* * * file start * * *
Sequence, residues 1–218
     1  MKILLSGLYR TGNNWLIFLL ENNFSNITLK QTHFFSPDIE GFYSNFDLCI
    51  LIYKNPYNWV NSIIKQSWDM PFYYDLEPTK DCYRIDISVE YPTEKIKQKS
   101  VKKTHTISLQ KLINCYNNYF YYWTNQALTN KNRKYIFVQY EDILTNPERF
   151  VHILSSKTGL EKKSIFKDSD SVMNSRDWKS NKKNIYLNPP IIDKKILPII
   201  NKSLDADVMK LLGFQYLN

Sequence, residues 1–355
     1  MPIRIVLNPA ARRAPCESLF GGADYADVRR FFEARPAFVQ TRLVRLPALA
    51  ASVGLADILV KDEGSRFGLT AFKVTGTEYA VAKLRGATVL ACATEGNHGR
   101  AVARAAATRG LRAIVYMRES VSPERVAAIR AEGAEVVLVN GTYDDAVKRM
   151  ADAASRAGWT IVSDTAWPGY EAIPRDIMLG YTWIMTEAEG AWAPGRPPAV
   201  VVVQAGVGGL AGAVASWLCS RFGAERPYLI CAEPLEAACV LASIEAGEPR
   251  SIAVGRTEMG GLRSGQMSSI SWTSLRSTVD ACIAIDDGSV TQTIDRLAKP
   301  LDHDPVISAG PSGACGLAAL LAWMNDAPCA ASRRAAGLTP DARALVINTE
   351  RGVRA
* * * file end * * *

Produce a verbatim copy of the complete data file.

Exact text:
Sequence, residues 1–218
     1  MKILLSGLYR TGNNWLIFLL ENNFSNITLK QTHFFSPDIE GFYSNFDLCI
    51  LIYKNPYNWV NSIIKQSWDM PFYYDLEPTK DCYRIDISVE YPTEKIKQKS
   101  VKKTHTISLQ KLINCYNNYF YYWTNQALTN KNRKYIFVQY EDILTNPERF
   151  VHILSSKTGL EKKSIFKDSD SVMNSRDWKS NKKNIYLNPP IIDKKILPII
   201  NKSLDADVMK LLGFQYLN

Sequence, residues 1–355
     1  MPIRIVLNPA ARRAPCESLF GGADYADVRR FFEARPAFVQ TRLVRLPALA
    51  ASVGLADILV KDEGSRFGLT AFKVTGTEYA VAKLRGATVL ACATEGNHGR
   101  AVARAAATRG LRAIVYMRES VSPERVAAIR AEGAEVVLVN GTYDDAVKRM
   151  ADAASRAGWT IVSDTAWPGY EAIPRDIMLG YTWIMTEAEG AWAPGRPPAV
   201  VVVQAGVGGL AGAVASWLCS RFGAERPYLI CAEPLEAACV LASIEAGEPR
   251  SIAVGRTEMG GLRSGQMSSI SWTSLRSTVD ACIAIDDGSV TQTIDRLAKP
   301  LDHDPVISAG PSGACGLAAL LAWMNDAPCA ASRRAAGLTP DARALVINTE
   351  RGVRA